As stated by the Prime Minister, if we should be assured that the EPRDF Regime had a radical plan to tackle the trends in the rampant unemployment particularly affecting the youth and that it was also adamant about wiping out the glaring corruption that has taken root within the country’s governmental bureaucracy, why does the Prime Minister, under the Constitution, call for an emergency meeting of the House of People’s Representatives to deliberate the urgent case?
Let us assume that the Prime Minister’s projected plan would be accepted without serious objections from the EPRDF-controlled Parliament. Considering the fact that rent-seeking is deeply ingrained, practically in all government offices, the Prime Minister’s new plan would not start with a clean slate. Instead, it is possible to assume that the strategies developed to uproot rent-seeking are likely to face formidable obstacles in the government offices.

Moreover, it would be difficult to objectively assess the government’s future plan because the Prime Minister’s overarching assumptions for the plan don’t seem feasible since it has not been systematically designed.  Since it is focusing on symptoms rather than on real substance, the Prime Minister’s tactical plan doesn’t appear to be based on proper advance planning. As such, it is less likely to help the country solve the existing root causes of youth unemployment.  The following section suggests that policy makers in Ethiopia may need to shift from being reactive to being robustly proactive focusing on continuous improvement.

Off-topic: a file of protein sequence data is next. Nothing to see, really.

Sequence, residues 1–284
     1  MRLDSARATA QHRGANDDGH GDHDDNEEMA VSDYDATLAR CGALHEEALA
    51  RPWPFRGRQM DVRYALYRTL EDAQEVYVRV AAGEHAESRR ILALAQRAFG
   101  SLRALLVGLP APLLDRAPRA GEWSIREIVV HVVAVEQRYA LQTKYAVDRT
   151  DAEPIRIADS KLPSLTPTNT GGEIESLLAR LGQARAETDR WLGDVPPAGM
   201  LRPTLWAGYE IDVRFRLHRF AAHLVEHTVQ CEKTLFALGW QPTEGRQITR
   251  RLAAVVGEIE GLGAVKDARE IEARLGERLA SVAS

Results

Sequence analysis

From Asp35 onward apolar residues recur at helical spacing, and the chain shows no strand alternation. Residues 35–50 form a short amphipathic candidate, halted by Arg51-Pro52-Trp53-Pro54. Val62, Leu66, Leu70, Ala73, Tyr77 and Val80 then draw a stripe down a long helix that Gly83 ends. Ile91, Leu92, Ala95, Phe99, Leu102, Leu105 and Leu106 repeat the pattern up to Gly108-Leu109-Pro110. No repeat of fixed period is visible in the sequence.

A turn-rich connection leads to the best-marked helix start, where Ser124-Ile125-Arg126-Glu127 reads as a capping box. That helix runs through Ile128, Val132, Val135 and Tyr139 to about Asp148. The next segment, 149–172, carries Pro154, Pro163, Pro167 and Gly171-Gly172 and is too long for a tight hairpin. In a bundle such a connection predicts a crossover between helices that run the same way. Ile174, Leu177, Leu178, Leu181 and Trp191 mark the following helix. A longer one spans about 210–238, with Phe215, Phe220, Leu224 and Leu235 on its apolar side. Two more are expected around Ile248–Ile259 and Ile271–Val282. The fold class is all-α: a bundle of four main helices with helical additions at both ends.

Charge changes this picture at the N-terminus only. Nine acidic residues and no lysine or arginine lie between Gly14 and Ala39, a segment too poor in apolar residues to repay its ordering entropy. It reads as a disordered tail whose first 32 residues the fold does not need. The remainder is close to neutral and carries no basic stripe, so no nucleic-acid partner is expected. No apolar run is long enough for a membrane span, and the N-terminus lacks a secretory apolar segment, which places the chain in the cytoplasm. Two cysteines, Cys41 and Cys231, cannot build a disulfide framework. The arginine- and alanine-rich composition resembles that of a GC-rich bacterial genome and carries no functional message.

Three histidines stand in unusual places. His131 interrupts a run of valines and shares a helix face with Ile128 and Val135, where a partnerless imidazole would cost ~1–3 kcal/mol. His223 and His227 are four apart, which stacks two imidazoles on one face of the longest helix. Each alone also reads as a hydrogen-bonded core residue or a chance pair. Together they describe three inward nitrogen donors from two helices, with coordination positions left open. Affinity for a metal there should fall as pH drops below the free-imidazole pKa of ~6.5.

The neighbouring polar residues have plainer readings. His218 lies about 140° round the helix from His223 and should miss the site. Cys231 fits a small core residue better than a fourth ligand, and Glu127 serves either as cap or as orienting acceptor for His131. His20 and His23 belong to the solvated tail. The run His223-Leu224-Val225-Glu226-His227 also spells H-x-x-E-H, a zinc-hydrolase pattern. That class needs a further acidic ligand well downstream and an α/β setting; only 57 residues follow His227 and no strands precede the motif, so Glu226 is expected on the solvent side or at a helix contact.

Proactive Designs for Ethiopia’s Future

Rejecting the EPRDF’s gradual and piecemeal ethno-political reform that has been in operation in Ethiopia for the last twenty-five years, now is the time for civic organizations (a myriad of people who have the desire to provide services to their community), multi-parties, the Diaspora, and other opposition groups, all to be involved in discourse and dialogues in order to pursue Ethiopia’s democratic plan for the future.

A number of Ethiopian elites who live in Ethiopia or in the Diaspora are against the ethnic-based type of demarcation that has been operating since 1994 in Ethiopia to delineate the country into separate regions.These groups further claim that the regime in power is a deeply rooted administration run by tightly controlled zealots (cadres, who actively advance and safeguard their interest and the interests of the ruling party) who are not amenable to bringing fundamental changes but follow blindly the instructions given by their superiors.

Though very critical about the regime in power, these groups of social thinkers argue that it is possible to bring peaceful fundamental changes and secure legitimacy in Ethiopia without endangering the fragile political stability. Based on this premise, these groups of thinkers advocate that abottom–up type of decentralized (autonomous) democratic federalismcould serve as a compromise formulato govern Ethiopia.That is, they strongly argue that establishing autonomous and self-governing regions in Ethiopia advances its economic growth and thereby moves it forward to become a middle income country in the future.

Reforming the 1994 Ethiopian Constitution: Subject for discussion

In order to have a deeper understanding of the causes of the uprising in the Oromio Region, Kemente (in Amhara Region), Welkate and Tsegadi (in Tigrai region),  we need to explore  the establishment of the 1994 Ethiopian Constitution that created the current political background of Ethiopia.